‘‘We Cubans like to party all night,’’ said Fernando Valdes, who joined the dance company in 1974. Valdes now directs the Tropicana school for cabaret performers and is helping choreograph Tambores en Concierto.

By the 1980s, travelers began trickling into Cuba and, after the Berlin Wall fell in 1989, the government embraced tourism as a way to replenish income lost when Soviet support ended.

Every night now, 300 to 600 guests—mostly foreigners—fill the Tropicana.

Tickets ranging from $65 to $85 are too expensive for most Cubans, whose wages average less than $20 a month. But dozens of Cubans artists and politically active youths are invited to the show each night at a much reduced rate, Aguilar said.

‘‘You can tell there are Cubans because they’re the ones who get up and dance after the show’s over,’’ he added.

  1. Follow up post #1 added on November 06, 2004 by daryl

    I think this is a bad mistake on Cuban tourism . The Tropicana is an example of Cuban history and culture. To remove it is to try and change what really was Cuba.

  2. Follow up post #2 added on November 06, 2004 by Songuacassal

    Though I like the idea of “The drums ghost,” and am eager to see it. I agree with daryl. An educational show is great for the side, pero you can’t only teach culture. You have to live culture. Y matando la Tropicana es como matando una vena de cultura. When an aspect of culture becomes education it becomes less of a life and more of a history lesson. Can’t Cuba keep both?

  3. Follow up post #3 added on November 15, 2006 by singawalai

    is there an age limit into the tropicana?

  4. Follow up post #4 added on November 16, 2006 by publisher with 3905 total posts

    Good question. I don’t think children would be allowed but I think the drinking age is low in Cuba, maybe 16?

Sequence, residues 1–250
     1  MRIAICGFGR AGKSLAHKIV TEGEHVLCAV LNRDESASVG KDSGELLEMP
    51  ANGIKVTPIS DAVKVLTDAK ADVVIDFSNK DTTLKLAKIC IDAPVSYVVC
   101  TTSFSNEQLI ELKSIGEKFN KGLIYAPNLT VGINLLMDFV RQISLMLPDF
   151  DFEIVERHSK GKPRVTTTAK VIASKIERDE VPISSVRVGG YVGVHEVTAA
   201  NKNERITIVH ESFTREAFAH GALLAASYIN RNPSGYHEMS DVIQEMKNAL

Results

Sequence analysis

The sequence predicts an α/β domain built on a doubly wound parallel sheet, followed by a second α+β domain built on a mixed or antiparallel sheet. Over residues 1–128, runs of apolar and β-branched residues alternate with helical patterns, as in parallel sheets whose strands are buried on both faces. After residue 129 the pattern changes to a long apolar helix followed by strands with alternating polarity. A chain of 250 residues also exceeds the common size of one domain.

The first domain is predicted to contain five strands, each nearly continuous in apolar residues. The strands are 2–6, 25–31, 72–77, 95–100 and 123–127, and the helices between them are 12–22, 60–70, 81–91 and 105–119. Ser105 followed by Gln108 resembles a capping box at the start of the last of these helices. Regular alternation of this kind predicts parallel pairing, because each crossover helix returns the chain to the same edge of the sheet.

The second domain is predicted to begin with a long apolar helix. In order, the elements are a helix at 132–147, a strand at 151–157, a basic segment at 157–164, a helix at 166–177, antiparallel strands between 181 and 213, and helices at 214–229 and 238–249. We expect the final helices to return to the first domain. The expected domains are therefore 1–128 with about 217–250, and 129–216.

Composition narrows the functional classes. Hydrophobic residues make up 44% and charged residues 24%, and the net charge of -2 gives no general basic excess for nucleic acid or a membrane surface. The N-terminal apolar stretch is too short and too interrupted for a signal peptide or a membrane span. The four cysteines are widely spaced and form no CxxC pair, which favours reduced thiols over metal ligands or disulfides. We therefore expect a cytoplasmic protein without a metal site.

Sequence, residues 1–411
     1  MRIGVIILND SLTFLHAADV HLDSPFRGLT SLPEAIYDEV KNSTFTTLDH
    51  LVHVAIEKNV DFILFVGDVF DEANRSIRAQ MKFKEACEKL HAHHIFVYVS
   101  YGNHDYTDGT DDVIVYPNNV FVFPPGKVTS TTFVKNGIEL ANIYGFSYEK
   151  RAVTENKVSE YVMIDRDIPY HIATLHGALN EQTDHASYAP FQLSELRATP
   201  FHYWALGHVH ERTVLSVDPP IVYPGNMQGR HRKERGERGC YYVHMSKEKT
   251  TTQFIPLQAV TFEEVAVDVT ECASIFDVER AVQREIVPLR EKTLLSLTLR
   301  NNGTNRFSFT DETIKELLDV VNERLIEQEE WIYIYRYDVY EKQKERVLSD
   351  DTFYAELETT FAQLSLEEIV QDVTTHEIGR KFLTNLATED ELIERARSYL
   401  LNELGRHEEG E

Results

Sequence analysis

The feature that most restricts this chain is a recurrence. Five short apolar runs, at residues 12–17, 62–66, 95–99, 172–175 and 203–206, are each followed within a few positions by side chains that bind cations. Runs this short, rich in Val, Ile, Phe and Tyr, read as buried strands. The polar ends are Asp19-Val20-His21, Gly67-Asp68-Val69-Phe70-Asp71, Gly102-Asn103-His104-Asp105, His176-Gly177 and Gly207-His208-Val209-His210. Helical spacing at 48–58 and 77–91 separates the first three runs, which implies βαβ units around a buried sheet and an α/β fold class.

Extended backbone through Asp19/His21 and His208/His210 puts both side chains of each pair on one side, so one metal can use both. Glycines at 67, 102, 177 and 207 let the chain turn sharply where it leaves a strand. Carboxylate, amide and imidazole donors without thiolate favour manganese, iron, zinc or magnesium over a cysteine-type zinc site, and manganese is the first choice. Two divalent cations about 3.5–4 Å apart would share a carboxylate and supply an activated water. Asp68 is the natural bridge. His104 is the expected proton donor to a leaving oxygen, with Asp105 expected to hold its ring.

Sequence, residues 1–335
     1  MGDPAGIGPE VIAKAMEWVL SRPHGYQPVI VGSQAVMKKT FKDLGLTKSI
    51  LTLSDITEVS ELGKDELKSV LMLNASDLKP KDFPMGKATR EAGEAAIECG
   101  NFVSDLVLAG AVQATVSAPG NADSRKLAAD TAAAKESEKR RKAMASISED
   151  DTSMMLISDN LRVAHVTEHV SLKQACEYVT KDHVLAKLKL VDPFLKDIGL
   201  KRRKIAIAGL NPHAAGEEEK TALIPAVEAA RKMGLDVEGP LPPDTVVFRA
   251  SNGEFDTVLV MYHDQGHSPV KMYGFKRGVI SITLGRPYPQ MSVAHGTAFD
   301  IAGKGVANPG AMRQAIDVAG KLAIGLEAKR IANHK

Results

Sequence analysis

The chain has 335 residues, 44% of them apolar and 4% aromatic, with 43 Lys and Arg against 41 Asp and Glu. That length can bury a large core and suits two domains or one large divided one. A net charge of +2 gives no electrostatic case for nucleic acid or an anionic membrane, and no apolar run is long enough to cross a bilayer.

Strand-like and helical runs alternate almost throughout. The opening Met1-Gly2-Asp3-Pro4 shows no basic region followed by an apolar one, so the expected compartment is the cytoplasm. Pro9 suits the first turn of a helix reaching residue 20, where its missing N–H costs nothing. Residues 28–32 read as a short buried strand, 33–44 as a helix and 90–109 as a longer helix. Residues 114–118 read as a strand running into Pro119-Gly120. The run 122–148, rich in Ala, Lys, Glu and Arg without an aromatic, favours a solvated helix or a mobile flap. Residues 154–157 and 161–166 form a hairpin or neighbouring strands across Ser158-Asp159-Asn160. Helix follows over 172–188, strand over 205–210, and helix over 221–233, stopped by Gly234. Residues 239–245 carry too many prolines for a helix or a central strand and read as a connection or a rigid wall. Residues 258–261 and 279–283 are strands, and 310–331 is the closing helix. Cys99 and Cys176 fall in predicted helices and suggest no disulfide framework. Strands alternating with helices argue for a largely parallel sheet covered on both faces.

Cuba consulting services

  5. Follow up post #5 added on December 04, 2007 by Hladyn Ivanna

    Please, give the information how I can book the tickets for New Year on Tropicana show! I want to come to Cuba and to come on this show!Plaese, help me!!!!!!!

  6. Follow up post #6 added on December 04, 2007 by manfredz with 464 total posts

    I believe min age is 16 or 17.
    Also believe its big mistake to close it.  One of the things that tourists come to Havana or Varadero for is to go to the Havana Tropicana.  All tour operators operate their excursions with no Tropicana, a visit to Tropicana and a Havana overnighter including the Tropicana.  Don’t think whats described above will fill the void.  But if it happens, as long as they don’t touch the other two Tropicanas, the Varadero one (actually in Matanzas) or the Santiago de Cuba one, they’ll just become more popular.

  7. Follow up post #7 added on December 04, 2007 by manfredz with 464 total posts

    A missing part of the article:

    Associated Press

    November 17, 2004


    I mentioned it to a friend in Havana and he pointed out to me its old old news

  8. Follow up post #8 added on December 05, 2007 by publisher with 3905 total posts

    Thanks. This article was posted in 2004.

    Cuba consulting services

  9. Follow up post #9 added on December 05, 2007 by manfredz with 464 total posts

    ooopsss… just noticed date on last comment.
    btw, my havana buddy says the mentioned show is still running, and sicne the tropicana is as popular as ever, it must have gone over ok.